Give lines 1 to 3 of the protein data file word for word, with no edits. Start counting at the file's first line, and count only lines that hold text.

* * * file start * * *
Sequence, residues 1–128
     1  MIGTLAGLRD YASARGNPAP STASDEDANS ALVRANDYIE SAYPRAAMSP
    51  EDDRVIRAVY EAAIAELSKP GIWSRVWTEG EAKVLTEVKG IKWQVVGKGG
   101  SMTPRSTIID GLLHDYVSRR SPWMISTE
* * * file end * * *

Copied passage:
Sequence, residues 1–128
     1  MIGTLAGLRD YASARGNPAP STASDEDANS ALVRANDYIE SAYPRAAMSP
    51  EDDRVIRAVY EAAIAELSKP GIWSRVWTEG EAKVLTEVKG IKWQVVGKGG